Along the theme of safe-but-well-executed, the chicken marsala was pretty good too. The chef clearly has a light hand with the breading, so we were not wading through gummy pools of soggy breadcrumbs in a pool of marsala sauce. Instead, the chicken retained a mild crunchiness that held up to the juicy moisture of the sauce. The mushroom slices must have come out of a can. Would it be that much harder to use fresh mushrooms? Probably not. It was more of a quick eyebrow-raise rather than a deal breaking collapse of the dish itself. I ate quite happily.

The highlight of the meal though, was the eggplant parmesan. It was served almost like a thick cut of chicken breast – an ovoid slice languishing under a blanket of marinara sauce and cheese. As I cut through it, I was surprised at the thickness of the slice – wondering how the eggplant would be flavored through, or whether it would be cooked evenly. As I dug in through the slice though, I realized that it was not at all what I had thought it was – instead, there were paper thin slices of eggplant stacked up with alternating films of the sauce, cemented together with the melty glue of the cheese. The resulting eggplant parmesan was not only flavored through properly and cooked through evenly, but it was simply heavenly!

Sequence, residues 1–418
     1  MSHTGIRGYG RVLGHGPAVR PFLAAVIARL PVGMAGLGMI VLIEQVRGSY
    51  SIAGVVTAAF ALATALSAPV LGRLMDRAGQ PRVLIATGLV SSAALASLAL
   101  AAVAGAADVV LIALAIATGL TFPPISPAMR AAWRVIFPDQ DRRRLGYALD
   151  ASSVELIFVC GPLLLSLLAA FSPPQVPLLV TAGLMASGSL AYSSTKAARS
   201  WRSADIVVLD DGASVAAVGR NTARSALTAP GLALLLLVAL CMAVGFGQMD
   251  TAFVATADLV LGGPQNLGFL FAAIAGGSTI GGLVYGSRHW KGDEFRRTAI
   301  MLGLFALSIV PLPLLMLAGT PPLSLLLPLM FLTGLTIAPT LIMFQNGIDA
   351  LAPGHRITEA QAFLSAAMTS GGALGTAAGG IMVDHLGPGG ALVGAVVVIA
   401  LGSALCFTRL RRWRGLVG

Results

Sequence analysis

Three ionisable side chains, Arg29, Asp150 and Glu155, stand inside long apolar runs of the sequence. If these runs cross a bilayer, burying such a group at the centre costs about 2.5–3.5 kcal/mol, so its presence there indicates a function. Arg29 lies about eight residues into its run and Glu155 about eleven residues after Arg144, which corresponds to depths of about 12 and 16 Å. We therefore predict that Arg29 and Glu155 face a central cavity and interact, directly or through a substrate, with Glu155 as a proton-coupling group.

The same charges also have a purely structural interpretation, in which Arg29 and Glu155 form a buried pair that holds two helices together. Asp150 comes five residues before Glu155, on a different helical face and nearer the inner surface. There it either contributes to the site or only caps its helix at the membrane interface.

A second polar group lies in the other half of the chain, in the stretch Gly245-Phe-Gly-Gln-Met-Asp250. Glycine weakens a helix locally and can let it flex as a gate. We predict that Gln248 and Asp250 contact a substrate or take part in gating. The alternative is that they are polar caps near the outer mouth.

Interestingly enough, when the server came to inquire how we were doing and whether we needed more bread … that’s when we realized that we hadn’t received any bread basket to begin with. Oops 🙂 None of us really missed it, though now I wish I had had the opportunity to try out their olive oil and balsamic vinegar …

Oh and in case you were wondering – I did forget to take pictures of the dish before we dug in, and when I did remember … let’s just say the thought came a moment too late and we had just wrapped up scraping off the last crumb and sauce by the time I remembered 🙂

Little Italy was a lovely meal at the end of a lovely day – the comfort of the familiar and expected, with the right touch of the fresh and the new, and a decidely confounding combination of colorful carnations to mull over the symbolism of!